The NFT collector is particularly obsessed with works made using AI—which he calls a "technical revolution."
Decentralized models for new networks of care are evolving, and communities are finding innovative ways to steward collective histories and build support systems. One such venture, the recently founded Queer Museum of Digital Art, operates as both an archive and a network of support and resources. One of the leaders of the initiative, Zak Krevitt, spoke with Outland to discuss the importance of increasing visibility for queer and trans artists, and how QMoDA is using technology to amplify community voices and record their history.
QMoDA is a preservation effort above everything else. We’ve seen so much art made by queer people lost to time, hate, disease, and cultural erasure. As an activist in the queer community, I often hear about the art lost during the AIDS crisis. Friends and family were given the responsibility of shepherding the creations of their loved ones. When work actually did make its way into institutions, it was not always safeguarded for the long term. Physical institutions also present a steep barrier to entry. When I started preserving my own artwork on the blockchain—largely due to censorship on centralized platforms—and learning more about the methods of provenance and royalty systems through smart contracts, I realized this technology could be used to preserve queer art and culture in a new, more robust way.
When I first entered the web3 space, I could count on one hand the number of queer and trans artists with high visibility and financial success in NFTs. Gossamer Rozen, Klara Vollstaedt, Kate The Cursed, Sam J, and Fewocious—they were trailblazers, but they still encountered transphobia and discrimination. Trans and queer creators were still wildly underrepresented in the NFT landscape.
The more time I spent in the space, I realized that art trends and major purchases were being determined disproportionately by people with exposure to vast sums of cryptocurrency, a position that was largely occupied by straight white men, who may not be inclined to seek out or support art made by trans and queer people. What they considered “good art” was usually work that existed in their own echo chambers of taste and online content consumption. QMoDA seeks to correct this underrepresentation by becoming a beacon in the space, uplifting and financially supporting trans and queer artists. We want to become a place of discovery where all collectors and enjoyers of art can come to find new work that they otherwise would not be exposed to. We also want to educate collectors outside of the web3 space on the work being created here.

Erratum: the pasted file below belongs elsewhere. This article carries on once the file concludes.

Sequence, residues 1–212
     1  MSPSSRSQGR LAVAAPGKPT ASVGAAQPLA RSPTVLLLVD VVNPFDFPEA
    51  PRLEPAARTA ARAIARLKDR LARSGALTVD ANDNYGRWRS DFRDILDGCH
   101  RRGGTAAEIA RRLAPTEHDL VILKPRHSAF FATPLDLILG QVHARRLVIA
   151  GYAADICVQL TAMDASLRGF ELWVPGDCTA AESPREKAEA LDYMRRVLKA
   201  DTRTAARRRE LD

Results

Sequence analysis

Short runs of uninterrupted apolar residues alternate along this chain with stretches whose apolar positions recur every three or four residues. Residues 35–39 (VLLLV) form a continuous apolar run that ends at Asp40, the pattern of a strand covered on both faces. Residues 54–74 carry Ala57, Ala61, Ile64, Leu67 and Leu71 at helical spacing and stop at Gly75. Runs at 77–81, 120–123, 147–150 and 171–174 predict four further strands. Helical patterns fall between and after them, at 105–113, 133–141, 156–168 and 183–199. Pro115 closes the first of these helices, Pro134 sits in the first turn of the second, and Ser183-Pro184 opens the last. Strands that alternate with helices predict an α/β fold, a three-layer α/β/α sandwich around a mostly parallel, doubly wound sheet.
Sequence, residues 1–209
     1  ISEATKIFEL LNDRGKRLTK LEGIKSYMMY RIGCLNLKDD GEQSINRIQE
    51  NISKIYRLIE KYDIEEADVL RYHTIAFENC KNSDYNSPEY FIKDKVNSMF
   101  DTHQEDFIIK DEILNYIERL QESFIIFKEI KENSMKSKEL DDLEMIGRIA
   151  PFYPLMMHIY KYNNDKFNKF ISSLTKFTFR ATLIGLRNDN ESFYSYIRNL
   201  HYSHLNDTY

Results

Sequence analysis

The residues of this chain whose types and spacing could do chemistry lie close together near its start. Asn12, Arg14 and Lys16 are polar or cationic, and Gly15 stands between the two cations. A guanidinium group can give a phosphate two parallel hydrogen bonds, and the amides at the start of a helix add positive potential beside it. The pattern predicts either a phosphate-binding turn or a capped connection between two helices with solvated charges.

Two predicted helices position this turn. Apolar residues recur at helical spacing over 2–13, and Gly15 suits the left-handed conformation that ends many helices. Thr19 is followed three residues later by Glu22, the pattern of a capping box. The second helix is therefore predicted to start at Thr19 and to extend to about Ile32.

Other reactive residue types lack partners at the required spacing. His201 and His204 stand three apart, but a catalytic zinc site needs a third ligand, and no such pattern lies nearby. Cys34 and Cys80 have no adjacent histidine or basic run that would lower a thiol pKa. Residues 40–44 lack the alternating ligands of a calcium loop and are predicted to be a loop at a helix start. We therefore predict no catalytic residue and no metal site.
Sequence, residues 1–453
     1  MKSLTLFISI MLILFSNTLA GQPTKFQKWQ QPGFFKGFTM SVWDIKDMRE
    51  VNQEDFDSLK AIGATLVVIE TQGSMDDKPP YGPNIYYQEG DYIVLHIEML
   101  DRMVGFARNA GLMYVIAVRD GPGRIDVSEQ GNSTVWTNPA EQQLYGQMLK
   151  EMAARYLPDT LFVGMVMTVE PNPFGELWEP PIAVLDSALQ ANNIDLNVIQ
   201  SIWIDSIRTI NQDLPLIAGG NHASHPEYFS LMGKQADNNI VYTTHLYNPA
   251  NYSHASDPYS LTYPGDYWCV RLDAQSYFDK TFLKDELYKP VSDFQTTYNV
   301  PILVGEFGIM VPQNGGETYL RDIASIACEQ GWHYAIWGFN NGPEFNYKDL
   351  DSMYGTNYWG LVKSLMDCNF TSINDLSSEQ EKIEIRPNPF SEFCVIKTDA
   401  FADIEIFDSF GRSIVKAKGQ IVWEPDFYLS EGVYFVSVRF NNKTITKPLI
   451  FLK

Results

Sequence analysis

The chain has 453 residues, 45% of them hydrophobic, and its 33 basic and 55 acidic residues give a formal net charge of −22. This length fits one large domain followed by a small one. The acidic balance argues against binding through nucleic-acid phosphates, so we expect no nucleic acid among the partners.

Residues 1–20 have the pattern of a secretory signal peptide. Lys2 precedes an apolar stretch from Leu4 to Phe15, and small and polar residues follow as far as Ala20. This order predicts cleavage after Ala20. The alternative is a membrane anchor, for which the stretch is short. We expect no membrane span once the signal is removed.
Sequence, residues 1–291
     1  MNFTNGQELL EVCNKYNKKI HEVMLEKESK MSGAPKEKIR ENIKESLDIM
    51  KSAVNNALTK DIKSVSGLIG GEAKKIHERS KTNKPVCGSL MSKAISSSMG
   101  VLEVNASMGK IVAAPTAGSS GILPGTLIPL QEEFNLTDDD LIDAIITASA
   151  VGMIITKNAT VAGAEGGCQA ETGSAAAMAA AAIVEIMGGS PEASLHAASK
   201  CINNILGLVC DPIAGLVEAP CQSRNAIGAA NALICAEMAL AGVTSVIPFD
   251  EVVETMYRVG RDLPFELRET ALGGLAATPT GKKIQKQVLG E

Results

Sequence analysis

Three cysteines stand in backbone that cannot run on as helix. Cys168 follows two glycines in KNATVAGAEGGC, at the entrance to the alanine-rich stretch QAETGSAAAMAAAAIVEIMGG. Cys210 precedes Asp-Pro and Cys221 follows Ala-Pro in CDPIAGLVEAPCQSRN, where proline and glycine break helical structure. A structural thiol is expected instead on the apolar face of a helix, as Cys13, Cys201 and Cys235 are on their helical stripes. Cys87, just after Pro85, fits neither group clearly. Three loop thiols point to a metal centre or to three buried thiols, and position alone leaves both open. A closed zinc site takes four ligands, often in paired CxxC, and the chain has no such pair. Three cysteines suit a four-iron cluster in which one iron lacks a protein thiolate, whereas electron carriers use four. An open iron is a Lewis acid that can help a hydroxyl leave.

A lot of people in the community had a hard time connecting their IRL support groups with their online work. In extreme cases, trans and queer artists were shunned from their social spaces over their association with NFTs and cryptocurrency. QMoDA really started out as a Twitter group chat, where I brought folks together to create new connections within the space. It was part group therapy, part tech support, and part retweet requests, but it was mostly a space to discuss everything that was going down. Having someone who understands what you’re experiencing can help you feel safe and supported. The need for a queer-friendly space inspired me to create QMoDA.
Our first successful acquisition was Laurel Charleston’s At the Surface (2021), a prismatic exploration of her signature style. She’s a makeup artist who uses her own body as a canvas to explore identity. We acquired the piece as a community using PartyBid, which fractionalized the artwork into ERC-20 tokens that were distributed proportionally to contributors. This early success at community action invigorated us, and things began to grow from there. The collector Sashaku then donated Crossroads (2022) by Jason Ebeyer and Jonathan Puc to the museum. It was an incredible moment in the organization’s formation, and the perfect piece to represent what we’re doing. It’s a collaboration between two artists depicting two fluid figures floating in a tender and loving embrace. The spirit of the two artists merge to create something more than the sum of their individual parts. That’s what we’re trying to do: bring trans and queer people from around the world together to grow our strength, build new bonds, and stand together in our power.